IN 2010, Citroen resurrected the famous DS name when they unleashed their sporty DS3 three-door supermini.
For those too young to remember, the original 1955 DS was a futuristic-looking executive saloon which went on to sell more than 1.5 million units during its long 20-year production run.
A high-tech aerodynamic masterpiece with innovative hydro-pneumatic self-levelling suspension, power steering and front disc brakes - all unheard of at the time - the DS was the culmination of 20 years development work.
While taking the motoring world by storm at its launch, the DS also stood the test of time, being named the most beautiful car of all time by Classic and Sports Car magazine.
The 21st century DS3 is also a superb head turner and just like its 1950s namesake, is highly innovative and beautifully put together... and it became the introductory model of a new sub sector within Citroen which has now turned into the stand-alone DS brand.
While the DS3 hot-hatch quickly built up a substantial following with the younger set, a larger DS4 quickly followed, offering much more practicality for families.
And already the DS4 has taken over some of the mantle from its original illustrious sibling, it too picking up a clutch of awards from around the world.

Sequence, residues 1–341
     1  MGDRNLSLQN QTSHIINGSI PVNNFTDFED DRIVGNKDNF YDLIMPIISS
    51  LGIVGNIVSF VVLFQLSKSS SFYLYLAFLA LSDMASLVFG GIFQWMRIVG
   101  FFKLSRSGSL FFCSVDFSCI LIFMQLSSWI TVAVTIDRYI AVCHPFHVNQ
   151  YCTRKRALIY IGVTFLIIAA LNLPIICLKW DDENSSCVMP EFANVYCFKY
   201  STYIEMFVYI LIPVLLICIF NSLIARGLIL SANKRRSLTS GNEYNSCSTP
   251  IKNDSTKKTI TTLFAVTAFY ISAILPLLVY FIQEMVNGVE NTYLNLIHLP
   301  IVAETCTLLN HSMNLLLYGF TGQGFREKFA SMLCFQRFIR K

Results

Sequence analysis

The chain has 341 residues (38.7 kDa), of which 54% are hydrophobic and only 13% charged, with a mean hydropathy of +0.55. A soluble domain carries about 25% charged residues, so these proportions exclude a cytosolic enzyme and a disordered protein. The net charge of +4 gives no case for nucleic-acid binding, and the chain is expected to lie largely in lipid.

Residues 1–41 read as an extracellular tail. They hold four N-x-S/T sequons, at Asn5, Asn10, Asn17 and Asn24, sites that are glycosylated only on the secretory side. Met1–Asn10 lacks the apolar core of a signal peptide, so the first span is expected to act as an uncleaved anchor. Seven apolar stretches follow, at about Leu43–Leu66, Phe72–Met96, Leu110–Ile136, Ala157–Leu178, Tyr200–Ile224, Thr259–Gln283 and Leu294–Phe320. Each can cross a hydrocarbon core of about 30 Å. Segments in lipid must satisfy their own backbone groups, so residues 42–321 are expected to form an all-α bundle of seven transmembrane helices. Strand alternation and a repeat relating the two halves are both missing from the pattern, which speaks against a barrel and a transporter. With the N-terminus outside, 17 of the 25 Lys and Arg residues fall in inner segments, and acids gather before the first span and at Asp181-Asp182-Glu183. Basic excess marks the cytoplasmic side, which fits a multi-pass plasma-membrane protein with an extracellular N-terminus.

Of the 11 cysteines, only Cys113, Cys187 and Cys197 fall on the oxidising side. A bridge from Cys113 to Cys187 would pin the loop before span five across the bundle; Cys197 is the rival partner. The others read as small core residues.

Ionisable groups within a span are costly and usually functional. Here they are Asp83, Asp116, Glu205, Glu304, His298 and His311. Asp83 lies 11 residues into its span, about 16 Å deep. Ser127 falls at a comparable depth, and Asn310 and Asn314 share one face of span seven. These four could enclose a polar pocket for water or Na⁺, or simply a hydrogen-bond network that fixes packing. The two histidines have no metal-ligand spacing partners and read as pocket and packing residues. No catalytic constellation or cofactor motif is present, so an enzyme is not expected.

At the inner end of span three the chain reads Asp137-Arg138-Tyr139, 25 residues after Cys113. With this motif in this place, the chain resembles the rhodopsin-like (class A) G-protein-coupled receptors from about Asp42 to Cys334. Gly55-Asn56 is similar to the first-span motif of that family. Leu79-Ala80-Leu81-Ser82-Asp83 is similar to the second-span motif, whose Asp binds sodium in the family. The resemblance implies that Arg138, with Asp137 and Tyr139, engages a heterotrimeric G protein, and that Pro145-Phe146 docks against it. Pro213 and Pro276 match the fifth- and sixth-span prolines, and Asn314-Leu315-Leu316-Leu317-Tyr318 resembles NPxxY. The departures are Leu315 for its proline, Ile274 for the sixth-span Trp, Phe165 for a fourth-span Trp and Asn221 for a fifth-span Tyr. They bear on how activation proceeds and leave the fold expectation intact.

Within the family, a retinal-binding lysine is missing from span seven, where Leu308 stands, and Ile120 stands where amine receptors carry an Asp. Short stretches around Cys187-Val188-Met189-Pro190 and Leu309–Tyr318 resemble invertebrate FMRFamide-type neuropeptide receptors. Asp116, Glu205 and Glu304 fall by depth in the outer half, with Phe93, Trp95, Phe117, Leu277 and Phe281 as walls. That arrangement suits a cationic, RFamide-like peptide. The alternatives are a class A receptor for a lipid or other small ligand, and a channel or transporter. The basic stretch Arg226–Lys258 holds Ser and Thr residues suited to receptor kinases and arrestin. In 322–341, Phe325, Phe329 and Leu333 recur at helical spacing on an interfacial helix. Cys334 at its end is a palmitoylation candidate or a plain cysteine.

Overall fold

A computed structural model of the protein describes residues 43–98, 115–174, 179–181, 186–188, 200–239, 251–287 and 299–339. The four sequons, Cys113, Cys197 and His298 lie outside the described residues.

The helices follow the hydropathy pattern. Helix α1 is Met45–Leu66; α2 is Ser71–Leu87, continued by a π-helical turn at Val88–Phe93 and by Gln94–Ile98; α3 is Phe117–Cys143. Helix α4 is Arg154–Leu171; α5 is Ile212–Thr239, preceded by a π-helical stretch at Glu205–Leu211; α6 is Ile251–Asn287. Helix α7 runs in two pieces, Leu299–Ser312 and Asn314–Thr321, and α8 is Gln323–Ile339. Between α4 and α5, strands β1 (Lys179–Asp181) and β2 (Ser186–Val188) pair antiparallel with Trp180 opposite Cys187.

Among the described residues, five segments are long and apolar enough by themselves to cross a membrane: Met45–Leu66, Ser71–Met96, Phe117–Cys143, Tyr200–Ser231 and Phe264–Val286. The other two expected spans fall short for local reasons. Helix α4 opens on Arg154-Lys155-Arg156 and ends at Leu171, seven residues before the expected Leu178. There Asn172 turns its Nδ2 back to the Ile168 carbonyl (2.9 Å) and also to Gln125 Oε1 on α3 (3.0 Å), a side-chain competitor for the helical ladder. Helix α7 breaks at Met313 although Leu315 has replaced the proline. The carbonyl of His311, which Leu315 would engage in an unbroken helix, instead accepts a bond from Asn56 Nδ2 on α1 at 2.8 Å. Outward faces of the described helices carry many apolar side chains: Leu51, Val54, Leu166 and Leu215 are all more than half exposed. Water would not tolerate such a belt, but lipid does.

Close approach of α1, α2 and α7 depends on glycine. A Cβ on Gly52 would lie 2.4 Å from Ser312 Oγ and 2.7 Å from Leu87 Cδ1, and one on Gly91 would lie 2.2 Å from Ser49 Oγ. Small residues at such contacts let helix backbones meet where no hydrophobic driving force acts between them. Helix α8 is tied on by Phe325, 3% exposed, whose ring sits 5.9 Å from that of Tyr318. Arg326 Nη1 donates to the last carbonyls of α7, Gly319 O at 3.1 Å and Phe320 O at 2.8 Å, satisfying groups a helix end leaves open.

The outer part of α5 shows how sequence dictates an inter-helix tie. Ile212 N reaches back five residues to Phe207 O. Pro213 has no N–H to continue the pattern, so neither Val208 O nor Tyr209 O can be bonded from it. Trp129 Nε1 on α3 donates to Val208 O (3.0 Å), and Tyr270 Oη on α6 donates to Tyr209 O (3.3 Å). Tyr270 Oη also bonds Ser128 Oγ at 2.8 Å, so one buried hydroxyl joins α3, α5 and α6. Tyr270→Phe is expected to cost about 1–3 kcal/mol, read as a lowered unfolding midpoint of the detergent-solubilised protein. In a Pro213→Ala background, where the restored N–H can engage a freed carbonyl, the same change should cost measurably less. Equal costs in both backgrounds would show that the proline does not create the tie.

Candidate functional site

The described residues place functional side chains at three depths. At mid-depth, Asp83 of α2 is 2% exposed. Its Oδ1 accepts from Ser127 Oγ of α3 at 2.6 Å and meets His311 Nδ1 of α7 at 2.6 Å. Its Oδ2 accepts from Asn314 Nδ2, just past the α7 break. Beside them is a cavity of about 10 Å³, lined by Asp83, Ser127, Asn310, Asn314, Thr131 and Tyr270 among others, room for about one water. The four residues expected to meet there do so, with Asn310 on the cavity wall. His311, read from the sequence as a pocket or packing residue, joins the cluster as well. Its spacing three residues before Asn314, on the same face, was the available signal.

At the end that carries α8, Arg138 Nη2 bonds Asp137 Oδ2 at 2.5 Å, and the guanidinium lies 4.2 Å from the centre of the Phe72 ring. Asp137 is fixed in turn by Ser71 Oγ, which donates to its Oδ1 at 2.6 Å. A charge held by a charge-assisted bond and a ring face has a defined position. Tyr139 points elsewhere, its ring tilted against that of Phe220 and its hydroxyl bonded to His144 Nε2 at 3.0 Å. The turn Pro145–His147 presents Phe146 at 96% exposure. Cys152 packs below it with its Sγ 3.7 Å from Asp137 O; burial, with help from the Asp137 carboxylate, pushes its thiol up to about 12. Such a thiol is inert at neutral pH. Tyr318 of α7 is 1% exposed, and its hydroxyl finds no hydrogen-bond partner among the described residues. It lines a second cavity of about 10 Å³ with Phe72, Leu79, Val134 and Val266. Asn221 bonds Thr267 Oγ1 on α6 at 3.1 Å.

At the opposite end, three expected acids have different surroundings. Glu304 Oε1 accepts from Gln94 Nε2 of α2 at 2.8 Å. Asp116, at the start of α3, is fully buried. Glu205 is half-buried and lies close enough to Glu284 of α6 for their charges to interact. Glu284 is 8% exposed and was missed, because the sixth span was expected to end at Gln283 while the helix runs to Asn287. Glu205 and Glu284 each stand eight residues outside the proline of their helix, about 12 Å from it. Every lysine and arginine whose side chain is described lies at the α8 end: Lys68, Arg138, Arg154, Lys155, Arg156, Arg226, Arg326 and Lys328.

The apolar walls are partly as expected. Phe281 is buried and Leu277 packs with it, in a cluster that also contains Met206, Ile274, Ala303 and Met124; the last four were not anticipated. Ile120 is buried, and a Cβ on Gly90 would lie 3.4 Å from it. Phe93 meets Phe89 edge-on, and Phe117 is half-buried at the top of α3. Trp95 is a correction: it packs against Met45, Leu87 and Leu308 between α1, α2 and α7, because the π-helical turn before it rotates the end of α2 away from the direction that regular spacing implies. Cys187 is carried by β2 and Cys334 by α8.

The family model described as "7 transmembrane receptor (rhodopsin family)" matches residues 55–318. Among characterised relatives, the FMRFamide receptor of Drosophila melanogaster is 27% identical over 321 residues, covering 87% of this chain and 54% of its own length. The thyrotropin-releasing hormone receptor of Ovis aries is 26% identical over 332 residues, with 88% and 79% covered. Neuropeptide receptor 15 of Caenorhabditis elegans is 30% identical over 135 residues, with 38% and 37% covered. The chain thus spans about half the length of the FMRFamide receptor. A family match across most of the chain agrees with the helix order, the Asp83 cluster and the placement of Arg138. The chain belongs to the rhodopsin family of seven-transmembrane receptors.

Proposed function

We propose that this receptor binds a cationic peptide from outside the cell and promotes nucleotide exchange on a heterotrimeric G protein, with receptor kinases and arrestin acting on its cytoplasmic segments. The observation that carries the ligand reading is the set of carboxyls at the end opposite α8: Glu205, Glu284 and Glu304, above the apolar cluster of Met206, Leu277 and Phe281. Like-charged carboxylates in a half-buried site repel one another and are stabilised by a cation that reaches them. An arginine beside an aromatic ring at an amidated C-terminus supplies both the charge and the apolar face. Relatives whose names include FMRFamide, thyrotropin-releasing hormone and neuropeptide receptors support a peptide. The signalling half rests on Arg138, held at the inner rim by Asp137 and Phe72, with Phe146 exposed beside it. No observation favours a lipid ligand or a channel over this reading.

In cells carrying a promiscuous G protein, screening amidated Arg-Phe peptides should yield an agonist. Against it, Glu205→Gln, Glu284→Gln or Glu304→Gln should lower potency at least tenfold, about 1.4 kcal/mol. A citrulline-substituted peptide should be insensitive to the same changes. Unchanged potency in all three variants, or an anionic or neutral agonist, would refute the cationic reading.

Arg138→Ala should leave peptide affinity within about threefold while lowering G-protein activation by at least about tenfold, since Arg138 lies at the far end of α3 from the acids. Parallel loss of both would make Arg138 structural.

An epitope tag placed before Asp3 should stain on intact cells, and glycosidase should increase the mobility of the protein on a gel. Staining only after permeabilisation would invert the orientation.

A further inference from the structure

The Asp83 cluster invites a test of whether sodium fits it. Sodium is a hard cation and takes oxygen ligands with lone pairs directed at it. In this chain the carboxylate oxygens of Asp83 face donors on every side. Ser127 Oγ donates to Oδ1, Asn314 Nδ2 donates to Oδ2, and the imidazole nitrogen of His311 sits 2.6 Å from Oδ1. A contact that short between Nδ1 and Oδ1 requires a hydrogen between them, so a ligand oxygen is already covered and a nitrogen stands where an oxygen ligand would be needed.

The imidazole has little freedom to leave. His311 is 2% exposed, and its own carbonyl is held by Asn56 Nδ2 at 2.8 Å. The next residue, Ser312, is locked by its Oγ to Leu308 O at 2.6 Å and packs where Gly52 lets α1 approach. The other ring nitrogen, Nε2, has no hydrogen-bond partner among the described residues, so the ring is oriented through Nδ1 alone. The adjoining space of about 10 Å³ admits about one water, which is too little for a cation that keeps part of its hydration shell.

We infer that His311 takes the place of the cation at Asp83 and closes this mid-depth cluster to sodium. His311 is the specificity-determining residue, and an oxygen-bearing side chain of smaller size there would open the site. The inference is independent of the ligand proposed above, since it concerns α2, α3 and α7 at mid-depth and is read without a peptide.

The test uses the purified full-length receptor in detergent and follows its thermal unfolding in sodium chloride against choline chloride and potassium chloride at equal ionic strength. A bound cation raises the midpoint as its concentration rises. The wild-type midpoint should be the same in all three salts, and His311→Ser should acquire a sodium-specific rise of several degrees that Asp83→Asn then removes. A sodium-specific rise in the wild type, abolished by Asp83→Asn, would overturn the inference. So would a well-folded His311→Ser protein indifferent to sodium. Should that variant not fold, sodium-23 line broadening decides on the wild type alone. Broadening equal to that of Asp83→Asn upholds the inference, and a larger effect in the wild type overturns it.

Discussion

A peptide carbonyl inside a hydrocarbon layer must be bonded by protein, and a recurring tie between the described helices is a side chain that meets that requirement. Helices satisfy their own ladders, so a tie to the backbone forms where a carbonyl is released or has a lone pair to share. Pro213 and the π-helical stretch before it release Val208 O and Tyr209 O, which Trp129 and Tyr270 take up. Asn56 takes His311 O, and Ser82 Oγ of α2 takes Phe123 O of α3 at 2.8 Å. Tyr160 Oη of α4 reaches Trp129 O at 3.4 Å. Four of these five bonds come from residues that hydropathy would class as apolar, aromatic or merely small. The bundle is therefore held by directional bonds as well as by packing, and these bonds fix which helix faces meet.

Under the skin of a sleek, coupe-styled body, the DS4 offered the choice of three petrol and two diesel power units.
The petrol trio, consisting of 120, 155 and 200bhp units, were developed in collaboration with BMW, while a smaller 1,560cc oil-burning 110bhp engine was also available in e-HDi guise which, with its start/stop technology, cut emissions to 114g/km while returning 64.2mpg on the combined cycle.
But my choice would be the 1,997cc DStyle HDi 160 diesel which I quickly fell in love with. Beautifully finished on the inside, it came with alloy pedals, leather-trimmed gear stick and door handles and interior lighting that could change colour according to mood.
Roomy enough for five to be transported in absolute comfort, there's plenty of cubby holes and storage space to accommodate life's little necessities.
It's simple to find the ideal driving position and like its C4 stablemate, the windscreen extended up over into the roof, greatly helping visibility while also adding to the car's good looks.
Out on the road, the DS4 excelled. For a sporty-looking, five-door coupe, it gave a supple, balanced ride which was nothing like the harsh, super firm suspension I had expected.
Even so, it gripped superbly through the corners, with little sign of body roll, making it a truly fabulous all-rounder.
Quiet and refined, the perky engine provided more than enough spark for most needs. With a top speed of 132mph and zero to 62mph taking just 9.3 seconds, combined fuel consumption came in at 55.4mpg, a figure most of us would happily settle for these days, while emissions worked out at 134g/km, putting the DS4 into VED band E with an annual £130 road tax bill.
A 2012, 62-plate DS4 D-Style HDi 160 with around 40,000 miles on the clock will set you back from £7,180 to £9,125, while expect to pay from £8,535 to £10,690 for a 2013 model on a 63 plate which has covered around 30,000 miles.
However, for those with a preference for petrol power, then a 1.6-litre VTi 16-valve in similar D-Style trim will work out slightly cheaper. So expect to chop between £600 and £900 off the above diesel prices.